FPIs’ June euphoria on Indian equities gone: What’s weighing on their minds?

Mumbai: Foreign institutional investors (FIIs), who returned to Indian equities in a big way in June, have now developed cold feet amid rising coronavirus infections, continued lockdown in some states and Sino-India border tensions.

FIIs were net buyers of Indian shares in the cash market through most of June, but turned net sellers over the last four sessions of the month. After pumping in a net of $2.5 billion, or Rs 18,564 crore, in Indian equities last month, they sold a net of $467 million, or Rs 3,525 crore, in the last four sessions of July.

Equity benchmark Sensex has risen nearly 36 per cent from its lows of 25,639 points hit on March 24, but is still down 13 per cent year to date.

India has become the fourth most Covid-impacted country in the world in terms of number of infections, after the US, Brazil and Russia. Total infections have crossed the 6 lakh mark, merely five days after they had hit 5 lakh. While it took 110 days for coronavirus infections in India to reach 1 lakh, the 6 lakh mark was crossed in next 44 days.

Last month, the International Monetary Fund (IMF) forecast Indian economy to contract 4.5 per cent in FY21, reversing its rather optimistic April forecast of 1.9 per cent growth for the year. It cited the larger-than-anticipated disruption to domestic activity in Asia’s third largest economy due to a severe nationwide lockdown.

“I would underweight India, because visibility is still very low and the stock market has already recovered quite a lot from the bottom. Valuation is quite high and there is a lot of uncertainty regarding corporate earnings,” said Hertta Alava, senior strategist at Nordea in Helsinki, Finland. Nordea manages around 300 billion euros of assets.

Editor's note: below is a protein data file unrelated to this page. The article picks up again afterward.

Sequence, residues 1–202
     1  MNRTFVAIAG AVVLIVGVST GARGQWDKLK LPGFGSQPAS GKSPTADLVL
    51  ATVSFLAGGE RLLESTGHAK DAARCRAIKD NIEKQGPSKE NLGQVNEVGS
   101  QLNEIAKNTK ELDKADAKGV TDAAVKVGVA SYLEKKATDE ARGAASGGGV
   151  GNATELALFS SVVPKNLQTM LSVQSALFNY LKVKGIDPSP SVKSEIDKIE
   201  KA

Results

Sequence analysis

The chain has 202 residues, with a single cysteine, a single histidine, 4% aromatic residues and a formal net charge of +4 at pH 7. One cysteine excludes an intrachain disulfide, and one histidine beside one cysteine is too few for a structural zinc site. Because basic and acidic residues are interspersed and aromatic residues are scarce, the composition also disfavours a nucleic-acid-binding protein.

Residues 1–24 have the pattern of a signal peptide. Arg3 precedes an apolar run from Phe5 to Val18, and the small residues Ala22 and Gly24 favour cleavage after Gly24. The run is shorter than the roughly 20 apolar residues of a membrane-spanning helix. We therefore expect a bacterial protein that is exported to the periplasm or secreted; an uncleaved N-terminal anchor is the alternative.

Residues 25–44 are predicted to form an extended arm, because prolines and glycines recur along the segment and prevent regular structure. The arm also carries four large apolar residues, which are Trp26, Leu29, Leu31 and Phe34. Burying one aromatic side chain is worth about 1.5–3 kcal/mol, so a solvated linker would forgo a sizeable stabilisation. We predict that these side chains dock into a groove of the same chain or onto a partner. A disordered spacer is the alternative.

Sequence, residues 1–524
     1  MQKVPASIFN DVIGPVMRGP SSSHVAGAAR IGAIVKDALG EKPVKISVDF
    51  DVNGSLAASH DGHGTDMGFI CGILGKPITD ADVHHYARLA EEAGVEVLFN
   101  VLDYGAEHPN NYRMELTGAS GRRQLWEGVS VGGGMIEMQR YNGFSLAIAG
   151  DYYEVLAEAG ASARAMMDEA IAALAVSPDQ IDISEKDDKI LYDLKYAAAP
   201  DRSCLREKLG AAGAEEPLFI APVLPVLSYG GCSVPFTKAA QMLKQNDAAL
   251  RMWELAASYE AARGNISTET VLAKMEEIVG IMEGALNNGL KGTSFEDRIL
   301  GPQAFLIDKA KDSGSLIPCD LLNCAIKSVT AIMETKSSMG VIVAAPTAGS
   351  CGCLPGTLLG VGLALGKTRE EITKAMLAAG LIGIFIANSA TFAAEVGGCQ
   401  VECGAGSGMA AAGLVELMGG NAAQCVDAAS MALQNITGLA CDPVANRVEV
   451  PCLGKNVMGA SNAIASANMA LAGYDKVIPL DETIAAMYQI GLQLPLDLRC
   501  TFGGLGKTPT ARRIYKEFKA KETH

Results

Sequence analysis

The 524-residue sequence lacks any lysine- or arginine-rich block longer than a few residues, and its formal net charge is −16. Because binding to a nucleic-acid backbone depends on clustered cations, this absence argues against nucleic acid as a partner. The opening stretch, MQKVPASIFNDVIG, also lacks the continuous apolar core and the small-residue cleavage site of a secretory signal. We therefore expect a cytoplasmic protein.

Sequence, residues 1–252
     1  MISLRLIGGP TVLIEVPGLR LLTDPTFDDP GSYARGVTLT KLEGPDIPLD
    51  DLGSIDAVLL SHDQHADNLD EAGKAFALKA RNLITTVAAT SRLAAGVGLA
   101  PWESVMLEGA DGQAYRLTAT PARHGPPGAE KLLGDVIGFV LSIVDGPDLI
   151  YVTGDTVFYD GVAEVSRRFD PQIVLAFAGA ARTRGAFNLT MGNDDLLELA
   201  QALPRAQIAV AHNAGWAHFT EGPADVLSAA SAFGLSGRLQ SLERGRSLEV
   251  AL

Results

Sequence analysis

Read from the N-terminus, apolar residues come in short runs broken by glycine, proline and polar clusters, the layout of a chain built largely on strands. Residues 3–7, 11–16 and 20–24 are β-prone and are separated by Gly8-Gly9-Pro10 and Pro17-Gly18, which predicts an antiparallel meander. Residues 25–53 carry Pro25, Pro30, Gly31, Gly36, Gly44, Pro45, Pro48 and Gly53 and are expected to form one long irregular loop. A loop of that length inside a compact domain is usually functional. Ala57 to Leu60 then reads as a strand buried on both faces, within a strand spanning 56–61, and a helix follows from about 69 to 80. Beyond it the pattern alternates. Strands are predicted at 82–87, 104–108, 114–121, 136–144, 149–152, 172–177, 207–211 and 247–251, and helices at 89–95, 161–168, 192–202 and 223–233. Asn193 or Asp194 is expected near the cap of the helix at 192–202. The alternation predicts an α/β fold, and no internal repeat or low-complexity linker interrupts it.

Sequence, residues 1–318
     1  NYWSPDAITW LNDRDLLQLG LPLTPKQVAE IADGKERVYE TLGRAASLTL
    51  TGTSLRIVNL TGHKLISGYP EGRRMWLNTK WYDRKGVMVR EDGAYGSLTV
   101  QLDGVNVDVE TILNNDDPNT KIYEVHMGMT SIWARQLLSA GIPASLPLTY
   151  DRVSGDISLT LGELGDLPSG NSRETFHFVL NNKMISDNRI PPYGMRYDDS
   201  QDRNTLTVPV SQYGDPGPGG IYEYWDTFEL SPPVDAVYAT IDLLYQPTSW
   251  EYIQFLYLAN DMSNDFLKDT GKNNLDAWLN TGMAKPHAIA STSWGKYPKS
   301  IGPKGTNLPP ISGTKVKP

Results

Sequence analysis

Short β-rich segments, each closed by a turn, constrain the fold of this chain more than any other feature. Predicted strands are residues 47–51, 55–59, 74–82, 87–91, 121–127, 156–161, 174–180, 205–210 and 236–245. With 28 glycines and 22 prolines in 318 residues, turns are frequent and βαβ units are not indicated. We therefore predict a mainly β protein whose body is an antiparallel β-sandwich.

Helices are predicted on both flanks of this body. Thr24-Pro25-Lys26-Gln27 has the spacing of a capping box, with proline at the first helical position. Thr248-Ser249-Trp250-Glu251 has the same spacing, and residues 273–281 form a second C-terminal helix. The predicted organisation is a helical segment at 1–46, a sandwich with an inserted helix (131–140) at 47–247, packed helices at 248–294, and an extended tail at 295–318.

Corporate earnings have been waiting for a turnaround for at least six years now and the Covid-19 disruption has pushed this much-awaited recovery even further, and is now not in sight any time soon.

While earnings for the fourth quarter of financial year 2020 saw the early impact of the pandemic-induced lockdown, which started late March, June quarter is expected to be a washout, as the nationwide lockdown stalled business activity through most part of the three-month period.

Sanjay Guglani, CIO of Singapore-based Silverdale Capital, who manages around $1 billion of assets, is staying on the sidelines on Indian equities. “Given the health and economic situation in India, we are being cautious and do not envisage increasing India exposure,” he told from Singapore.

That seemed to be the popular tone.

Maarten Jan Bakkum, senior strategist emerging markets at NNIP Investment Partners, said Indian equities looked vulnerable at this stage, because of the still high virus infection rates, slow normalisation of economic activity and the rapidly widening fiscal imbalance.

“All this is keeping us on the sidelines on Indian equities. We prefer East Asian markets currently,” Bakkum said in an email from The Hague, The Netherlands. NNIP manages 271 billion euros in assets.